Multiple Sclerosis Ms Types

Multiple sclerosis (MS) symptoms and disability vary widely among patients. The type of multiple sclerosis diagnosed has a strong influence on disability, the severity of symptoms and the frequency of flare-ups. Some of the more common.

Benign Multiple Sclerosis

People with benign multiple sclerosis suffer rare mild attacks and experience a complete recovery after the attacks. The symptoms do not worsen, and people with benign multiple sclerosis have almost no disability. However, in some cases, people with benign multiple sclerosis eventually experience disease progression.

Relapse-Remitting Multiple Sclerosis Symptoms

Relapse-remitting multiple sclerosis is the most common type of MS and accounts for approximately 70 percent of all cases of MS. Relapse-remitting multiple sclerosis symptoms flare up at unpredictable times. These attacks may occur yearly.

Multiple sclerosis symptoms worsen during a flare-up, and then symptoms gradually diminish in severity until the next attack. Recovery after a flare-up may not be complete; over time, symptoms can increase in severity and disability becomes more pronounced.

Secondary Progressive Multiple Sclerosis

Fifty percent of relapse-remitting multiple sclerosis cases eventually develop into secondary progressive multiple sclerosis. Secondary progressive MS symptoms do not cycle through flare-ups and remittance. Instead, symptoms are always present and physical disability increases over time.

In some individuals, relapse-remitting multiple sclerosis may develop quickly into secondary progressive symptoms. With each flare-up, symptoms last longer and disability increases, until finally symptoms are constantly present. In other cases, secondary progressive multiple sclerosis develops only after years of relapse-remitting MS symptoms.

Primary Progressive Multiple Sclerosis

Primary progressive multiple sclerosis is associated with a high rate of disability. Instead of a cycle of worsening symptoms and remittance, primary progressive multiple sclerosis symptoms never improve. Over time, symptoms and physical disability gradually worsen; progression is slow, but steady.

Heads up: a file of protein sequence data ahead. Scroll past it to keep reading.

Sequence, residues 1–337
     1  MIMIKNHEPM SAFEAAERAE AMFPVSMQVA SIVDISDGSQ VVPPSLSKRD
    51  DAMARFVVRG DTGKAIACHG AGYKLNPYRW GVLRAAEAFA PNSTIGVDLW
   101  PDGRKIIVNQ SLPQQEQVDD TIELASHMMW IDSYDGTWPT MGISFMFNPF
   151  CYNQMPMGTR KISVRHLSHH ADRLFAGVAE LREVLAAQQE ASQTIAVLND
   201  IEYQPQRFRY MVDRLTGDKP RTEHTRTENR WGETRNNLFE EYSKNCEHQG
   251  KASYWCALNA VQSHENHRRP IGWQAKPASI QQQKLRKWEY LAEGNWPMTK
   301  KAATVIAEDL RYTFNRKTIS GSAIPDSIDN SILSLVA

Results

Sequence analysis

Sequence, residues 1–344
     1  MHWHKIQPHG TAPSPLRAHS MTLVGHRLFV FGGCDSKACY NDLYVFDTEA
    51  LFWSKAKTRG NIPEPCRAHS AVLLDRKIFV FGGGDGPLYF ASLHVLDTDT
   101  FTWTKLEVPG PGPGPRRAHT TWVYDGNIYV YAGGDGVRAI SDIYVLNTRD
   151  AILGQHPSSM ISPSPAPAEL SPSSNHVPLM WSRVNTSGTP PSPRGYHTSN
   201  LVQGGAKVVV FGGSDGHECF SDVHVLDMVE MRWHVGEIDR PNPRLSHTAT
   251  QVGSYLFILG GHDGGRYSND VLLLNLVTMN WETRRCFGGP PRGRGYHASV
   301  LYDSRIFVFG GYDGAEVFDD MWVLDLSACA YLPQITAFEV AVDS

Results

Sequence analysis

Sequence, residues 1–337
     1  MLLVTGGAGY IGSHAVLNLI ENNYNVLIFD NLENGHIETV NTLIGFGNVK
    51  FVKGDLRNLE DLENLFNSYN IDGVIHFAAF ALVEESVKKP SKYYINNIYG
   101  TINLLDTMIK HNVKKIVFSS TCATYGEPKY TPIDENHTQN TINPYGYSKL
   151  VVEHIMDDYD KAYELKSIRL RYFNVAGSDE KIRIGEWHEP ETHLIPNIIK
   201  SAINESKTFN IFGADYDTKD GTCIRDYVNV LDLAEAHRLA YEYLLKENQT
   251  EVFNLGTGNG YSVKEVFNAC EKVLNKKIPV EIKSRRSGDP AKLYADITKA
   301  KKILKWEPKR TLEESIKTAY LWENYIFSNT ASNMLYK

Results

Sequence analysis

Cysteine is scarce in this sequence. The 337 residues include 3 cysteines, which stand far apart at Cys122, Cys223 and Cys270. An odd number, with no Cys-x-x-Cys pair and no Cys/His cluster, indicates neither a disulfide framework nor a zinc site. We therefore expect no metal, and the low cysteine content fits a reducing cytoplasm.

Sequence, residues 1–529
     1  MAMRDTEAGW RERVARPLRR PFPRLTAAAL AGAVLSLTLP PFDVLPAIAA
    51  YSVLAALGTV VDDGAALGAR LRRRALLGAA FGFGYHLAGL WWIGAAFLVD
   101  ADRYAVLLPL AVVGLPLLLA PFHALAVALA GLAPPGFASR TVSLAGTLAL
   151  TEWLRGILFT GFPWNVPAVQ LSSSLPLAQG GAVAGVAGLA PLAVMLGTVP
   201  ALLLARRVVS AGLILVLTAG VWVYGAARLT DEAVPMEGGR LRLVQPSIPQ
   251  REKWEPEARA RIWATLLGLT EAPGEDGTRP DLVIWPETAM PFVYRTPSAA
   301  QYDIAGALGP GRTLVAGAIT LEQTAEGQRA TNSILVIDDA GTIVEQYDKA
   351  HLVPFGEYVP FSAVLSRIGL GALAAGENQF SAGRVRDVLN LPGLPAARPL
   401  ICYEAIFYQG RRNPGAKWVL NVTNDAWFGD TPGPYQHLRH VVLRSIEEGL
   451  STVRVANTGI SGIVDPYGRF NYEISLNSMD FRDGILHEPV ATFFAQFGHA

Progressive-Relapsing Multiple Sclerosis

Progressive-relapsing multiple sclerosis is one of the least common varieties of multiple sclerosis. Symptoms appear to follow the relapse-remitting pattern, but the disease never fully remits. As a result, disability worsens progressively over time.

Chronic Progressive Multiple Sclerosis

You may have heard of the term “chronic progressive multiple sclerosis.” It is not another type of multiple sclerosis but an outdated term used to describe any form of progressive multiple sclerosis.

Disability Outcomes

The type of multiple sclerosis often influences the severity of the disability, and even how long the patient lives. Relapse-remitting multiple sclerosis has a slower rate of disability, and responds better to treatment than primary progressive multiple sclerosis. A complete remission after the first multiple sclerosis flare-up tends to indicate a slow rate of disability.

Women tend to have better outcomes for multiple sclerosis than men, and have a slower rate of disability progression. Multiple sclerosis diagnosed in young adulthood usually indicates slower disability rates. This is not true, though, if multiple sclerosis is diagnosed in childhood.


Fauci, A., Braunwald, E., Isselbacher, K., Wilson, J., Martin, J., Kasper, D., Hauser, S.